One reason why the masses are not gravitating towards art music is that music in general has expanded. The choice isn’t between a symphonic work, a piece of folk music, or a string quartet. Nor is it between Jazz/Blues, Folk/Traditional, or Classical. It’s between choice of genre, and inside each genre, choice of subgenre, and inside each subgenre, choice of thousands of different artists. The masses are still focused on listening to something that is attainable, and that must be understood. Whether or not the music was created with or intended to boast exceptional quality is beside the point to the average modern listener. The tormenting concern that emerges from all of this is what will popular music look like in forty years?
James Blake is the reason why I am not worried.
James Blake began his career in the genres of electronic music and dubstep (a genre of electronic dance music) less than three years ago. Blake did not follow the normal conventions of growth in terms of popularity, though. On his first three EP’s, The Bells Sketch, CMYK, and Klavierwerke he set forth a unique sound, immediately garnering respect and assuming a position of leadership in his genres. The young sensation gained fame for elements of dance music and popular music. Since then, in his self-titled LP, James Blake, and in a later EP, Enough Thunder, he hasreceived criticism in regards to his abandonment of his former style for more of a singer-songwriter approach.
His new work has components that are electronically driven, but his melodious phrases bear depths of traditional songwriting and composition. Each effect, word, and tone is as carefully planned and well-orchestrated as “Nessun Dorma,” from Puccini’s Turandot. His poignant lyrics are populated by social commentary and there is no confusion that prolific songwriters such as Bob Dylan or Joni Mitchell are at the forefront of his influencers. Blake has already attained widespread popularity, and yet what he is creating is art music.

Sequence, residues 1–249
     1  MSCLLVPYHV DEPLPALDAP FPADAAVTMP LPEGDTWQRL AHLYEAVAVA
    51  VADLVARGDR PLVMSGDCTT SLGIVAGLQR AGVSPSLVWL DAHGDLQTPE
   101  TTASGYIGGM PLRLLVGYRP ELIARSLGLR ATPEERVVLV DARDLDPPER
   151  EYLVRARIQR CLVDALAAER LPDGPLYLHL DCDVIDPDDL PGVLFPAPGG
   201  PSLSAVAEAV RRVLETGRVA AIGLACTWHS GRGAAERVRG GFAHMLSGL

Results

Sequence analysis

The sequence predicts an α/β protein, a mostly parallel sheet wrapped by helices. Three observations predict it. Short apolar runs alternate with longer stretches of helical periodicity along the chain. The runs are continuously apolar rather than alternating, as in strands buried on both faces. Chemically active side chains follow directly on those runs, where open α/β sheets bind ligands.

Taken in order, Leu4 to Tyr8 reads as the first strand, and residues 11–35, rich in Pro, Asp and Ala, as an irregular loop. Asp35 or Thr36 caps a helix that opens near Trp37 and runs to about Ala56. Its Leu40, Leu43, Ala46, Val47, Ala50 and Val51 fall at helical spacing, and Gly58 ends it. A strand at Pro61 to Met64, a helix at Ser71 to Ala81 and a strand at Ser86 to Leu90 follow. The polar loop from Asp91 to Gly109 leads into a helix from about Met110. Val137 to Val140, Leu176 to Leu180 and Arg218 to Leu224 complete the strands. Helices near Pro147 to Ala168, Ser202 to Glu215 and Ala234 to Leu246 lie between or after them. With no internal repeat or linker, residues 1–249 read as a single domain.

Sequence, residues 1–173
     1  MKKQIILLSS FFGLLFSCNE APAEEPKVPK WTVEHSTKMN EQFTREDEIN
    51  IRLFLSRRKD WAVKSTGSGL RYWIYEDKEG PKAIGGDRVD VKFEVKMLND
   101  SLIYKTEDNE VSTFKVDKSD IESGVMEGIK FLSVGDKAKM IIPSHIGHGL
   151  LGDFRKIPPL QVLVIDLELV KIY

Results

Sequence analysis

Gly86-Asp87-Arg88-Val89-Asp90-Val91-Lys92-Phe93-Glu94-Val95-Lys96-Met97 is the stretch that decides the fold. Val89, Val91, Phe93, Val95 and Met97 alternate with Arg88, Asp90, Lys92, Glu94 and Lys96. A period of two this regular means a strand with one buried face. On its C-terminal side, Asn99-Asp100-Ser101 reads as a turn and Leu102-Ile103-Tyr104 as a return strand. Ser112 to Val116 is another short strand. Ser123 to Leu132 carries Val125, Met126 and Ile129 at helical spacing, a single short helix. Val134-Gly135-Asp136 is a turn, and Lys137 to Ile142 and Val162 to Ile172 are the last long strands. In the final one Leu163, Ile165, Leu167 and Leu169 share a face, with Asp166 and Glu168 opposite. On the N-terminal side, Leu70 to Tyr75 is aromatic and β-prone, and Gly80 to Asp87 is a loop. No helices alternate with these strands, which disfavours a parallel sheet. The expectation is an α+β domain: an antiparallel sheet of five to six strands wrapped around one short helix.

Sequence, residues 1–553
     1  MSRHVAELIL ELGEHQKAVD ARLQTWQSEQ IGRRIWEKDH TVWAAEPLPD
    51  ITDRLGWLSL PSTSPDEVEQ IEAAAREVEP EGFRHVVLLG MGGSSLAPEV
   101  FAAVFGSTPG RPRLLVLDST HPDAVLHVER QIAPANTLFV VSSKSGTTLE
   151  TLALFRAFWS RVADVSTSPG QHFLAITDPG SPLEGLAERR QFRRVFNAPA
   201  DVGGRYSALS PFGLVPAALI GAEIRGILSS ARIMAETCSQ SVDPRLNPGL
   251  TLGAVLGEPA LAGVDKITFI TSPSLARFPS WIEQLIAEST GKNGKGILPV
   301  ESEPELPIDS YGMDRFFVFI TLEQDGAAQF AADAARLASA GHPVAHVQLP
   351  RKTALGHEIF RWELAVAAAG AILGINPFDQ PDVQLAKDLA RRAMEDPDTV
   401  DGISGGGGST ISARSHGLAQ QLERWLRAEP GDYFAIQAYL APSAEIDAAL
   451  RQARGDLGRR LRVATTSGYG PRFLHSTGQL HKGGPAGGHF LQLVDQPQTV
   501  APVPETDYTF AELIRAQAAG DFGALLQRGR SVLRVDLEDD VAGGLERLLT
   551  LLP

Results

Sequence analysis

Art music is defined by one musician as music that “requires significantly more work by the listener” in order for it to be fully appreciated. On the first level, Blake’s work is so sonically pleasing that even the most disinterested listener won’t find anything in it so repugnant as to declare it worthless. On the second level, the music is infused with his background and initial interest in popular music genres such as dubstep and electronic music, which is why he appeals to such a large audience. And on the third and final level, his music forces and allows the listener to search for intentions, aspirations, and influences, and most of all to share and create connections. His music is as thrilling as innovative and as pop-influenced as avant-garde.
James Blake is a long overdue reminder that popular music does not mean “void of virtuosity;” that Beethoven and Schubert and Sinatra and Lennon aren’t letting loose disapproving sighs in regards to the current state of music; and that forty years from now, music, and popular music in specific, might even be pretty…decent. Art music is not dead; its popularity has just been dormant.